Filing Chapter 7 bankruptcy is a major decision. Bankruptcy can affect both your financial and personal life for years to come, so it is crucial to understand what you can and cannot get through a Chapter 7 bankruptcy filing. Are you eligible to file? And how do you get a Chapter 7 debt discharge?
If you are eligible, Chapter 7 bankruptcy can offer you the relief you need from most unsecured debt. In some cases, it can even provide relief from secured debts. Find out what can and can’t be discharged by Chapter 7 bankruptcy.
Most Unsecured Debts are Dischargeable in Chapter 7 Bankruptcy:
Unsecured debts are debts or obligations that are not backed by collateral. In contrast, a secured debt is one for which you agreed to let the creditor take your property (i.e., home or car, etc.) if you did not fulfill the terms of the loan agreement.
- Medical Bills
- Utility Bills
- Back Rent
- Personal Loans
- Government Benefit Overpayments
- Credit Card Balances/Charges
Secured Debts MAY be Dischargeable in Chapter 7 Bankruptcy:
Any secured debt can be discharged, but the lien attached to the debt doesn’t go away. The creditor still has the right to recover the property that secured the debt as long as it is unpaid. A mortgage or car loan can be discharged, but the borrower will lose their house or vehicle. In some situations, losing the property may not be undesirable. For instance, if the filer doesn’t need or want the secured property, it can be advantageous to let the creditor take the property back.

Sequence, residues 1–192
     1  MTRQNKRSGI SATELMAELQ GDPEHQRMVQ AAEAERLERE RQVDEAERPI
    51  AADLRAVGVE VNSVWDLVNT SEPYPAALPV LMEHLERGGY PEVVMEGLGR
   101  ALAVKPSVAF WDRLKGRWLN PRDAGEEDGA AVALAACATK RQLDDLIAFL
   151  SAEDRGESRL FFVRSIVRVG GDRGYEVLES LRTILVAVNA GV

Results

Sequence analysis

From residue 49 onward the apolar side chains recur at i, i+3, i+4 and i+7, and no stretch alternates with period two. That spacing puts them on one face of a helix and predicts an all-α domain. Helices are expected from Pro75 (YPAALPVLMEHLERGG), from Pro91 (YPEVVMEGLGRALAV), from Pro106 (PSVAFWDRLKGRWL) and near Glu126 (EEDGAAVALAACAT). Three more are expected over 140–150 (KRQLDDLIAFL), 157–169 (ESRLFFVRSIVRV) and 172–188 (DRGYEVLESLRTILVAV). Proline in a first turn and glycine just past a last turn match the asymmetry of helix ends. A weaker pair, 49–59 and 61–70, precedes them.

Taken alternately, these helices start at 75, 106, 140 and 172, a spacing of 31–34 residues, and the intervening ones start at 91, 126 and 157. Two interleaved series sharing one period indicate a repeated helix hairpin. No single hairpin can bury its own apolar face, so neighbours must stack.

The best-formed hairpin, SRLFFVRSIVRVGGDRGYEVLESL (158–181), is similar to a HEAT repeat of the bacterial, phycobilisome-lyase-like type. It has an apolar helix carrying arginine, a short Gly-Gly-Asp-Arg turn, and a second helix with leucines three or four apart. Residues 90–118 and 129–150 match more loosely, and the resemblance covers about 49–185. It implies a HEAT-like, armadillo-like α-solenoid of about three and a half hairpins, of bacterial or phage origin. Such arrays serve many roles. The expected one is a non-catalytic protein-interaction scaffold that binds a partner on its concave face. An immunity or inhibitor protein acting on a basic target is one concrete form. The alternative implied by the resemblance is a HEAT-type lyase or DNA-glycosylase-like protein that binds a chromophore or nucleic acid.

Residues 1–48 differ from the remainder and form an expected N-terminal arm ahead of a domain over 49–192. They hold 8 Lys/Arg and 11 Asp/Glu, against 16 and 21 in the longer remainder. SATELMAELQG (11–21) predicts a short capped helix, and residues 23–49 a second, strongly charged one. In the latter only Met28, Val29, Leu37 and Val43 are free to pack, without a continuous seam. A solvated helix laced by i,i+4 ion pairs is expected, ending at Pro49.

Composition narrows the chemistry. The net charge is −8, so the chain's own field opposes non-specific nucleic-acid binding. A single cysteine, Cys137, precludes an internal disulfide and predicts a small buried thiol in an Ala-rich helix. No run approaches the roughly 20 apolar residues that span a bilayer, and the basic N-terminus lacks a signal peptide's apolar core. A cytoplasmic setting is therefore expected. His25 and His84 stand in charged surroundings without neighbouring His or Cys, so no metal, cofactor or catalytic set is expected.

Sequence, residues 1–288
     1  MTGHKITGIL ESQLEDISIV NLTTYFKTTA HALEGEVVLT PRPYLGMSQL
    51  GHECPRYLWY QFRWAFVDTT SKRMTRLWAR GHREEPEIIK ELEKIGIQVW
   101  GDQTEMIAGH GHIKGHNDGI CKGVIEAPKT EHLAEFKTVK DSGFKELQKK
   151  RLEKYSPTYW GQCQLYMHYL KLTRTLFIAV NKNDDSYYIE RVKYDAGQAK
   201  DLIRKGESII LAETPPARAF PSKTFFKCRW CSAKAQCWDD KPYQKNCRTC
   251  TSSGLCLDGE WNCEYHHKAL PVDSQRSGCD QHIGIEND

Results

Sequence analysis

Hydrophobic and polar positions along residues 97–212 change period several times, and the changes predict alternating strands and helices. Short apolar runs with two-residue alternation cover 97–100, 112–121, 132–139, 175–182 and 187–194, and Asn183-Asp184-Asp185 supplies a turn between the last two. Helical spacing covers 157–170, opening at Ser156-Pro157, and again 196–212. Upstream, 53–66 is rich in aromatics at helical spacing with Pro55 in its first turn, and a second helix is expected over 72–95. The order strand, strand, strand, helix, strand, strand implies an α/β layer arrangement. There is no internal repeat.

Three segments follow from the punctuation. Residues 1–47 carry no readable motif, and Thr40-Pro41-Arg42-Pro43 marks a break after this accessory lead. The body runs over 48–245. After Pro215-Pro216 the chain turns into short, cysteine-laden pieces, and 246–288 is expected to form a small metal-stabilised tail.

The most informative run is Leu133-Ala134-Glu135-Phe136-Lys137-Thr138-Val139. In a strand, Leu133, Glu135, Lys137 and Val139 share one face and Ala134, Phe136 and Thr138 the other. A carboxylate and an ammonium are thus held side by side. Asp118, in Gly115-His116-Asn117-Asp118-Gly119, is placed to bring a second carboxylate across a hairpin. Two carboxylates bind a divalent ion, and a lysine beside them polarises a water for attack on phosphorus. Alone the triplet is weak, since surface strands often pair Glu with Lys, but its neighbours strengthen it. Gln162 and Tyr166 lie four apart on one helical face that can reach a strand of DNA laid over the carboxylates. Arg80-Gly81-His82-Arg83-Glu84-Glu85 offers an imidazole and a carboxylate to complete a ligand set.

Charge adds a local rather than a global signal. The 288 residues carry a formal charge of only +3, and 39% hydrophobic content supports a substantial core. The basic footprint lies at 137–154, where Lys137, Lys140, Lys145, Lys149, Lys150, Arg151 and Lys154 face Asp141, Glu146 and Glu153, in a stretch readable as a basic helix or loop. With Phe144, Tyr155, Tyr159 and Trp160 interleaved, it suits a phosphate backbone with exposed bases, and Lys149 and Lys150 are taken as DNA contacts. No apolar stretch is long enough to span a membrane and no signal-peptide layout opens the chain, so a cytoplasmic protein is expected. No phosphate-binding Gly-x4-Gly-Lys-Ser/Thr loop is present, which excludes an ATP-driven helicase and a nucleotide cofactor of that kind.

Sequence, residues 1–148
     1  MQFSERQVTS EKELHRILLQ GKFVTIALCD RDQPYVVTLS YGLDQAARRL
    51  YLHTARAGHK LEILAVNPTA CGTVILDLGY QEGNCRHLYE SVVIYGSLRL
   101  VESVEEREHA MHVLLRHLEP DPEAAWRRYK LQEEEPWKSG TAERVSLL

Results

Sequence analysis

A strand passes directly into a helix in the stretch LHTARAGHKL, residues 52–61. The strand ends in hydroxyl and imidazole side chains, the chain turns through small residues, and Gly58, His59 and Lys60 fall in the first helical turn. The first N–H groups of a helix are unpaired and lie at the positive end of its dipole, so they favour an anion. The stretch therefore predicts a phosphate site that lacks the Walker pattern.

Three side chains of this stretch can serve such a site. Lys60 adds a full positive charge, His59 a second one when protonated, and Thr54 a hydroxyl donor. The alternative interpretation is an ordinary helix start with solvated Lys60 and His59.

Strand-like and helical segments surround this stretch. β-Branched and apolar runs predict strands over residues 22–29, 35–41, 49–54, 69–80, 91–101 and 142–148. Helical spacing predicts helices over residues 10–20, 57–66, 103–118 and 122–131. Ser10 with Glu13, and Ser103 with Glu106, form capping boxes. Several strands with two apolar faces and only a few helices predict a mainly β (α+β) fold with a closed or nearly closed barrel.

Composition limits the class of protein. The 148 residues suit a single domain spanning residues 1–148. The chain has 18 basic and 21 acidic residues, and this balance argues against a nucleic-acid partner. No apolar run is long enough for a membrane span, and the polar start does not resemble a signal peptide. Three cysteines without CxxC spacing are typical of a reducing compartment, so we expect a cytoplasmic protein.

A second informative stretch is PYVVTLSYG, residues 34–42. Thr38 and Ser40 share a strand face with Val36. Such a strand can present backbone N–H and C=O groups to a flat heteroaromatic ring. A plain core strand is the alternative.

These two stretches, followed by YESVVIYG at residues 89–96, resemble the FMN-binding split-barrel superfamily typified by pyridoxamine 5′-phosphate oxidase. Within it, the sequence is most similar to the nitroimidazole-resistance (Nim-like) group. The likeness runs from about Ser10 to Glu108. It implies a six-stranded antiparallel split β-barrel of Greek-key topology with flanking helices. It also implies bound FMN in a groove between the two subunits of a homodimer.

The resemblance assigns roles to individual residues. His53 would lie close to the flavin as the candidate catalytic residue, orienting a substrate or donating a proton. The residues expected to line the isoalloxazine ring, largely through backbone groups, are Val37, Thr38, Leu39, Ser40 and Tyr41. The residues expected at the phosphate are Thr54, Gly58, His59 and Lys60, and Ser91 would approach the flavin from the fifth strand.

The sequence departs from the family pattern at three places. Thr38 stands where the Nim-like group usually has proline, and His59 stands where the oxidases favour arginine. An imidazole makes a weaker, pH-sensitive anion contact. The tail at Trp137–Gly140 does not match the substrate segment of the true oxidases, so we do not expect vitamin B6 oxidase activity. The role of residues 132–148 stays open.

A bankruptcy petitioner can indicate their intent to surrender property attached to a secured debt in their initial bankruptcy paperwork. The borrower won’t be responsible for returning the property to the creditor physically, but they should cooperate with the repossession. In some cases, smaller items will not be repossessed because the creditor determines they aren’t worth the expense of picking them up.
When Secured Debts Aren’t Quite “Secure:”
In other situations, loans that were designated as “secured” may not be as secure as expected. For instance, if a car dealer forgets to place a lien on the vehicle, the dealer’s unperfected lien could be avoided and the card could be seized. While this situation is possible, it is rare, and bankruptcy petitioners should not expect it to occur. Mr. Rannick was formerly counsel for a Chapter 7 Trustee. He and Ms. Whaley look carefully for problems like this to avoid them before they arise and in such a case might recommend a Chapter 13 in such an instance to protect the car.
Are There Debts Than Cannot Be Discharged?
Not all unsecured debt is dischargeable, however. Certain types of debt are impossible or hard to discharge through Chapter 7 bankruptcy. Some examples include student loans, debt incurred through fraud or false pretenses, luxury purchases, cash advances made not long before filing, divorce judgments, certain tax debt, etc. Sometimes a Chapter 13 reorganization plan can obtain better results than a Chapter 7.
There is no shame in turning to bankruptcy to seek a discharge of debt when unintended circumstances leave you struggling to provide for your family. Are you out of choices? Do you need help releasing your family from the chains of debt? Don’t hesitate to call Kenneth C. Rannick P.C., Tennessee and Georgia bankruptcy attorney. We help good people through bad times.